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Stuart Ross (handout)
Stuart Ross (handout)

The Daily Review, Tue., June 21

Trapped in a Venn diagram Add to ...

Part Guy Maddin, part Marc Chagall, part Kurt Vonnegut, all Stuart Ross, Snowball, Dragonfly, Jew follows the musings of antihero Ben. A performance artist raised in the 1960s along Toronto's dreary Bathurst Street, Ben muses, in a series of short, scene-like chapters, on the love, hate, kitsch, humour, violence and loss that is his biography.

While unreliable witness Ben is depressive and broods on the thin veil that separates life and death, the somberness is undercut by puns and Ross's trademark surrealism. The past is also as fluid and every bit as immediate as the present, making the work both nostalgic and anti-nostalgic.

Known mainly as a poet and as a small-press publisher, Ross previously collaborated on two novels, and has written short fiction. Both as novel and in its subject matter, this one might seem a departure for Ross, but his 2001 poetry collection Razovsky at Peace also featured a mourning Ben, Hebrew for "son," with grieving son being both Bens' primary roles.

Surrealist though Ross is, what seems a nonsensical title for the book is surprisingly apt. Ben is stuck in the middle of a Venn diagram: The three rings are ambivalent nature, played by dragonflies that both eat mosquitoes and claw into the young Ben's flesh; equally ambivalent humanity, as in Ben's Jewish family, who are all gone, in different ways; and violence and hatred.

Nature can be just as destructive as people: A friend's mother is limbless; Ben's parents both die of cancer; and his brother, Jake, suffers a case of amnesia straight out of Oliver Sacks. The title alludes to violence in the form of snowballs that anti-Semites threw at Ben's mother when she was 4, a violence in which both humanity and nature partake, though a cartoonish one. Yet the book is framed by Ben's mother - maybe - shooting an Ernst Zundel-like character. Hatred and violence … snowball.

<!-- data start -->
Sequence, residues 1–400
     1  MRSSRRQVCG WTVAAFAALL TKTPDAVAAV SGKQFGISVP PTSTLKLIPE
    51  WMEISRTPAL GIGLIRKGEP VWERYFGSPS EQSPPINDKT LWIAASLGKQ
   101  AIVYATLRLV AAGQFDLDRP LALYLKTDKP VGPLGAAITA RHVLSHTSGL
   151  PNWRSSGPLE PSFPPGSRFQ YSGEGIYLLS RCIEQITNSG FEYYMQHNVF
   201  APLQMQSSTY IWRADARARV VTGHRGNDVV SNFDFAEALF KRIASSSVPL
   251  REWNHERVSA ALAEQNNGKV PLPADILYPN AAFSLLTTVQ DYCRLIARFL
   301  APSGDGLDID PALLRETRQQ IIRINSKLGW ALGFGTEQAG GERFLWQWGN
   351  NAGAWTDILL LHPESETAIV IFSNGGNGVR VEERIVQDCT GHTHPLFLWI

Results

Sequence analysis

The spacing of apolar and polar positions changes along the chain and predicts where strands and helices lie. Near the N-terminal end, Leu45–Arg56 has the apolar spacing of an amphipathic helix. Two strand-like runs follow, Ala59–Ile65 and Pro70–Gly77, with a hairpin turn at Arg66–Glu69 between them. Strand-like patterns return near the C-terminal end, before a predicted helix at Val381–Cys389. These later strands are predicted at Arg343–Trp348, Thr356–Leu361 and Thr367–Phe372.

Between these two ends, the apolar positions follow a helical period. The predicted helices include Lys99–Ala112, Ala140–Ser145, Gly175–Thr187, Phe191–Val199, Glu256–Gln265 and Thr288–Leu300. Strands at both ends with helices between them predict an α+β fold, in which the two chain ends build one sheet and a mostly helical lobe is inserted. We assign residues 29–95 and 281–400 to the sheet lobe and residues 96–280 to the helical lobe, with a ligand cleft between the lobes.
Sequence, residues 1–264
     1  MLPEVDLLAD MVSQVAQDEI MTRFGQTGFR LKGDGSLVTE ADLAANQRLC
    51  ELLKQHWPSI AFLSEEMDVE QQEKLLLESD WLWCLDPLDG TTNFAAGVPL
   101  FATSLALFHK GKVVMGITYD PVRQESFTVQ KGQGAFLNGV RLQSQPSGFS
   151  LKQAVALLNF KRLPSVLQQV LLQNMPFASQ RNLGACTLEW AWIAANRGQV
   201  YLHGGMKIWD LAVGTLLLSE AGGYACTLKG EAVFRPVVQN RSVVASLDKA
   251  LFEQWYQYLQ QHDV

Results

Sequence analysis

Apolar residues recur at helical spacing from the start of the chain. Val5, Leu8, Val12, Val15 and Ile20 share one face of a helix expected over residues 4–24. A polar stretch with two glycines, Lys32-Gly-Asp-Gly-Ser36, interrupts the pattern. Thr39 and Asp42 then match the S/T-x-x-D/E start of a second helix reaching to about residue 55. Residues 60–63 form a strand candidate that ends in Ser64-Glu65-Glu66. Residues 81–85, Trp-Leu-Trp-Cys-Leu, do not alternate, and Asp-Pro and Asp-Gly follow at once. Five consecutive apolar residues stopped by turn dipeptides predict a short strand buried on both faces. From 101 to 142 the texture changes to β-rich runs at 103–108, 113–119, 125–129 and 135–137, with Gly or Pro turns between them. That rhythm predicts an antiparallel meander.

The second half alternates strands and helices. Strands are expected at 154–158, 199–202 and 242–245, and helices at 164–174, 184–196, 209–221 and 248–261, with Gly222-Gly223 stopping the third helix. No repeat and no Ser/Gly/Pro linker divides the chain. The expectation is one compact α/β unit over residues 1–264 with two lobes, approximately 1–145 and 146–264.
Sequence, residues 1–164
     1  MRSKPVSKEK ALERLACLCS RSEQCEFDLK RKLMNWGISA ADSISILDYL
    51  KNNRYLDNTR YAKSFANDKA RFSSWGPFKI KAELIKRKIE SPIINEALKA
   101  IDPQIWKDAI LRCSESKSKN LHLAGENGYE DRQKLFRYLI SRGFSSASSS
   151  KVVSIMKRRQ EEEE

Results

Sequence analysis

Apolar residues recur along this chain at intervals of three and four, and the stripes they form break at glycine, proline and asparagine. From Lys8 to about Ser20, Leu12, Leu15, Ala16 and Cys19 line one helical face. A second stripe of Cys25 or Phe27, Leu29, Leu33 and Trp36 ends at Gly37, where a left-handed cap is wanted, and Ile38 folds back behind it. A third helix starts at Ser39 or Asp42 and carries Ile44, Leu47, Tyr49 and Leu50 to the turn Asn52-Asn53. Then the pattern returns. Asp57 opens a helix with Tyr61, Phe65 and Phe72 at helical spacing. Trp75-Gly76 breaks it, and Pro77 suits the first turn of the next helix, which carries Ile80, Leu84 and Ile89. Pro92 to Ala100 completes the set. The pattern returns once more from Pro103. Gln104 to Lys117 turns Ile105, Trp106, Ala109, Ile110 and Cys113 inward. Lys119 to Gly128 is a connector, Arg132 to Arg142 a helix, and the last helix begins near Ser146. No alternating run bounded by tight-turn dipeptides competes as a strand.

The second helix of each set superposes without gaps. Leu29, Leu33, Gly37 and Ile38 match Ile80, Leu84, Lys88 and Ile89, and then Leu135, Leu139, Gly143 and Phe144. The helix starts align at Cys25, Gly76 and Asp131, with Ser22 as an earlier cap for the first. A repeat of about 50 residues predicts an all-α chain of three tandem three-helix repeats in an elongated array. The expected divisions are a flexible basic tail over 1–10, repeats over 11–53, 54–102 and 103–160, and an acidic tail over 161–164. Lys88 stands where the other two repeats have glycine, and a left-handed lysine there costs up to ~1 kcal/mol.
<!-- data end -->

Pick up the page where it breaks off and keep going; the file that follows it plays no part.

The novel challenges our perceptions from the start, and also asks tough questions. It's one of Ross's endearing qualities that his humour carries moral authority, as in when Ben recalls playing with toy soldiers, then reflects, after watching battle coverage on CNN, "Real soldiers don't have plastic bases on their feet, which is why they fall down a lot."

So while loss is filtered through Ben and his family, it's part of a larger vision. And because in Ross's (and Ben's) universe, reality and fiction are blurred, loss is not irrevocable. The death of Kim Novak's character in Alfred Hitchcock's Vertigo is every bit as real to Ben as that of his parents. Novak the actress is alive, but is it Novak or her dead character, Madeleine Elster, who meets Ben in a doughnut shop?

While the ending runs long - Ross goes on for several pages on how difference-making is the enemy of art - Snowball, Dragonfly, Jew succeeds not only because of Ross's distinctive style, but also because he can think and feel with the best of them, and shows maturity of vision without sacrificing the childish sense of play and absurdity his readers expect from him.

As a teenager, A.J. Levin, the Winnipeg-based author of Monks' Fruit, thought Bathurst Street was already several decades in the past.

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